Update: My Big Belly

Since, according to my WordPress website stats thingy, my post about my big belly (No, I’m Not Pregnant: My Big Belly) is one of my most popular I thought maybe I should give an update on that. For the sake of summary for those who don’t want to go read the original post, when I started THM I was wondering if there was any hope to shrink my disproportionally large belly. I looked 10-months pregnant and I wasn’t (see timeline series below). What follows is an abstract of a couple of years of medical testing to figure out an unrelated mysterious digestive issue that ultimately helped uncover at least part of why I have had a distended abdomen since the day I was born. My belly has shrunk considerably, but you would expect it to do so when losing 85 pounds. It is still a little bulge-y though.

My belly today
Timeline series from January 2016 through September 2019

After I had been following THM for about 6 months, I started getting this horrible pain in my abdomen, mainly in the upper right quadrant just below my ribs, after S meals. My mind, and my doctor’s mind, immediately went to gall stones. The symptoms were kind of classic–eat a fatty meal and 20 minutes later I was in pain so bad I couldn’t sit or do anything but lie down and wait for a couple hours for it to subside. I mean I couldn’t even concentrate enough to play Candy Crush to pass the time while I waited for it to go away; it hurt that bad. Had an abdominal ultrasound. No gall stones. My doctor suggested a HIDA scan to see if my gallbladder was just “sluggish,” but at that point, something in me didn’t really feel it was my gallbladder at all. I elected to wait and see.

Several months later, I had an attack so bad that I had my teen daughter drive me to the emergency room. Another ultrasound, this time by an ER doc that the nurse assured me was an ultrasound imaging wizard (he’d gone through some kind of fellowship program on it I guess). No gall stones. From there, the episodes morphed into a feeling like there was a sock stuffed below my right ribcage a lot of the time rather than pain so bad I couldn’t sit up. Needless to say, that sensation became pretty annoying. Back to my primary doctor I went. Another ultrasound. Still no gallstones nor anything else out of the ordinary. Off to a HIDA scan. Nothing. And then a CT scan. And then a lower GI series. (I’ll let you Google that to find out what it involves.) A visit with a gastroenterologist. Finally, a referral to a surgeon.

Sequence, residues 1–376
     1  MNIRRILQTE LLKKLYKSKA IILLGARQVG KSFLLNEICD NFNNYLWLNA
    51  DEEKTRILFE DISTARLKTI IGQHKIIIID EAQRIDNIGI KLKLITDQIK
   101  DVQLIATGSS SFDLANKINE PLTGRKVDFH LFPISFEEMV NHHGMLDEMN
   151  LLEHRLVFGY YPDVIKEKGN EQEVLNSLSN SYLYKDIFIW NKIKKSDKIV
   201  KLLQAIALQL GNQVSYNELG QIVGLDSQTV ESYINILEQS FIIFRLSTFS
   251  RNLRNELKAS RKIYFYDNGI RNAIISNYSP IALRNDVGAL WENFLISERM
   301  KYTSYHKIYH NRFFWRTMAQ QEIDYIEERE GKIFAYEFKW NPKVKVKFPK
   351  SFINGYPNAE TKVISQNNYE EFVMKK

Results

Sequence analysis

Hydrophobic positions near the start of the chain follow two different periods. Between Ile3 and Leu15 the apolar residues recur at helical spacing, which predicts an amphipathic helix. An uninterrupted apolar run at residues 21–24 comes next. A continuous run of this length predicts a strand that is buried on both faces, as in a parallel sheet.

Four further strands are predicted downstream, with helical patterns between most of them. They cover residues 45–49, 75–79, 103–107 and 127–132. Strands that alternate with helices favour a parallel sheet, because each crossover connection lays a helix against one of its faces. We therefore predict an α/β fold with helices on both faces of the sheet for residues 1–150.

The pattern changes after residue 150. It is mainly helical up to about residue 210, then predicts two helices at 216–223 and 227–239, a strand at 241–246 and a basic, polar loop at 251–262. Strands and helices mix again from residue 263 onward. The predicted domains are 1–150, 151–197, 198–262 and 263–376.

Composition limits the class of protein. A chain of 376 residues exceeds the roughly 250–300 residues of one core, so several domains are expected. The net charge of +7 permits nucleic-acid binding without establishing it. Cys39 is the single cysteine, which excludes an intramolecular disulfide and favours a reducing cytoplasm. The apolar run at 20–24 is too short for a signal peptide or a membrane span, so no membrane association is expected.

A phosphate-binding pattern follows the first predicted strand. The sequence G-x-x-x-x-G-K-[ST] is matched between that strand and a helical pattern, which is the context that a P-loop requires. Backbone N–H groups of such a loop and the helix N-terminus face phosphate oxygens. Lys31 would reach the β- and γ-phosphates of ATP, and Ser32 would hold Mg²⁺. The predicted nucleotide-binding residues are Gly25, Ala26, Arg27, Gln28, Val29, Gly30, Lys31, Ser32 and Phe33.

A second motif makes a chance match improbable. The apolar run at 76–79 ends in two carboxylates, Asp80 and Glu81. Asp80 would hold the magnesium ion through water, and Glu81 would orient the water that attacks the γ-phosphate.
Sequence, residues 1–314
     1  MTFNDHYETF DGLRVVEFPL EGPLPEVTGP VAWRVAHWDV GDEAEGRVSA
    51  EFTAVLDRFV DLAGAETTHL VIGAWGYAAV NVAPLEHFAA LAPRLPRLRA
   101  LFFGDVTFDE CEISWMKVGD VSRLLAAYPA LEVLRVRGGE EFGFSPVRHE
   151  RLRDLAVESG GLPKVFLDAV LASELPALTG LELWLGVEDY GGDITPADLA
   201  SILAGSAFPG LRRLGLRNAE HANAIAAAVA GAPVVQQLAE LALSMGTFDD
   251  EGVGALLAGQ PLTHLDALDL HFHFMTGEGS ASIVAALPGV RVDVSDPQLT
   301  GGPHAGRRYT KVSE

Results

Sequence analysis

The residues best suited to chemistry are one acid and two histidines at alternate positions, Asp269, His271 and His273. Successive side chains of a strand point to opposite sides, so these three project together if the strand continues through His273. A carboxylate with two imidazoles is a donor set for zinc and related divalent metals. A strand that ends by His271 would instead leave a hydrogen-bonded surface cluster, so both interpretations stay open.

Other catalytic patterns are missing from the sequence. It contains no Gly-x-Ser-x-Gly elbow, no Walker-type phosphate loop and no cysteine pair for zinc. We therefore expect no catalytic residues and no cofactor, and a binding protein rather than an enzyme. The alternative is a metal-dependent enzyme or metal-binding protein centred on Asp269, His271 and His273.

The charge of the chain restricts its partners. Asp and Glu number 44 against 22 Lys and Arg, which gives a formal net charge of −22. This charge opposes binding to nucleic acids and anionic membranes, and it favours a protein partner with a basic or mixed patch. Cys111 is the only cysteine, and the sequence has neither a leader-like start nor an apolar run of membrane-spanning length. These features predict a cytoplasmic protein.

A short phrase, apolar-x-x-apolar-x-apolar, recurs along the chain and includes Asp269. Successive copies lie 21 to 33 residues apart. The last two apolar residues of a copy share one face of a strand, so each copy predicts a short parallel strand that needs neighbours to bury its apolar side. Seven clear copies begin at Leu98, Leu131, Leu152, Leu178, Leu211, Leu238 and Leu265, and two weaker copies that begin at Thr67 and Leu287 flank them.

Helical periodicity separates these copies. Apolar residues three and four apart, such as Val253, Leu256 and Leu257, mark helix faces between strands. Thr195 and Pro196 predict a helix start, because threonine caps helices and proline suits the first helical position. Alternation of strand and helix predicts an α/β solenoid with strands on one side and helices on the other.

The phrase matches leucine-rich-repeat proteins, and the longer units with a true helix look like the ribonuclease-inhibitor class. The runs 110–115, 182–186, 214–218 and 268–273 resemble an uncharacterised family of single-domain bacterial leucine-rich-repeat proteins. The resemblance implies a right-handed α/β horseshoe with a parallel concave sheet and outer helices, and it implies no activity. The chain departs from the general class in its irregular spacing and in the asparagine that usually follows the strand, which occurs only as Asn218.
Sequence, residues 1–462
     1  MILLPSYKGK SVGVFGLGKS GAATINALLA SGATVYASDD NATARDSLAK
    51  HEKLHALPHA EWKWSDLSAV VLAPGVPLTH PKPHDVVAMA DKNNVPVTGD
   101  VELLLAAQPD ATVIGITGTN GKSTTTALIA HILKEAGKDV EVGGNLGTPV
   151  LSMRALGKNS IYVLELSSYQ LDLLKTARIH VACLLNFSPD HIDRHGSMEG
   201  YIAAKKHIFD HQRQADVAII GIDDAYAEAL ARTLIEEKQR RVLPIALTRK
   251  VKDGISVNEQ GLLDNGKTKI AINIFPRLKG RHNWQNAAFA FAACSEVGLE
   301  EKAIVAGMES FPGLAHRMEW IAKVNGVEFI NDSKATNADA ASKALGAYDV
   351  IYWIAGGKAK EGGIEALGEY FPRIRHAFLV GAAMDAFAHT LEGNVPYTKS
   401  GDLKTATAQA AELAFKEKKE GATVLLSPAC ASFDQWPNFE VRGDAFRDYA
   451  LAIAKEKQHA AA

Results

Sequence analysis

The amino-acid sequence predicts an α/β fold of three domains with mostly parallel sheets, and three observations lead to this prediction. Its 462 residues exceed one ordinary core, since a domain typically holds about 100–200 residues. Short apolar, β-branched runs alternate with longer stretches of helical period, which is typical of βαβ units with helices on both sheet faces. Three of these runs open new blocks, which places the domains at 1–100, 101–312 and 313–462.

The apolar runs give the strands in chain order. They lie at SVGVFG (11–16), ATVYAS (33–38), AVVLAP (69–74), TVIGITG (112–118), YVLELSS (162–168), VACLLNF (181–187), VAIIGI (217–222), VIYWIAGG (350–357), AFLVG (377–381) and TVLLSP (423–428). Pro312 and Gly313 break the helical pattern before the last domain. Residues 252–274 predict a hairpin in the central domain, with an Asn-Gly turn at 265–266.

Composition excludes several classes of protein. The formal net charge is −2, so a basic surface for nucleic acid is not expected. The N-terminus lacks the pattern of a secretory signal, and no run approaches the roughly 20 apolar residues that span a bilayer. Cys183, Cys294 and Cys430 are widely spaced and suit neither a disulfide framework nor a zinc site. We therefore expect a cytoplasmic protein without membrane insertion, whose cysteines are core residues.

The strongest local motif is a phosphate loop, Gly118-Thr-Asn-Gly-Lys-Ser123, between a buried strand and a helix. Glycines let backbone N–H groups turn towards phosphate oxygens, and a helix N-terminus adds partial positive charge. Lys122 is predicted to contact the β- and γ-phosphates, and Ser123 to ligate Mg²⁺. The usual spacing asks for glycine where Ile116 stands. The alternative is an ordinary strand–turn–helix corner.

Come to find out I have something fairly rare known as mobile cecum, which means the part of my large intestine where the small one joins the large (right where my appendix is) is not anchored to my abdominal wall like it should be. It’s a birth defect (something I was born with). Essentially my appendix, and the portions of small and large intestine around it, is by my belly button. And, they can move about because they are not fixed in place like they should be. Also, I have an abnormally long descending colon (large intestine on my left side). Because I have more than the typical stuff in there and some of it is in the wrong place, it pushes my abdominal wall out rather than allowing it to be flat no matter how skinny I get. These abnormalities also finally explain, at least partly, my lifelong problems with constipation and digestion, and why eating more fiber and getting more exercise–the standard recommendation for constipation–have never been effective for relieving it for me. The fix? They could go in and sew the loose part to the wall where it belongs. BUT often abdominal surgery like that results in scar tissue (adhesions) forming around the abdominal organs, which can then cause intestinal blockages or strictures that reduce or block blood flow to organs resulting in organ death. Meaning more surgery. Possibly leading to more adhesions. Then more surgery. That cycle could be worse than the symptoms themselves, so I’m electing to live with it. However, neither the gastroenterologist nor the surgeon felt that this discovery explains the sock-stuffed feeling. That remains a mystery.

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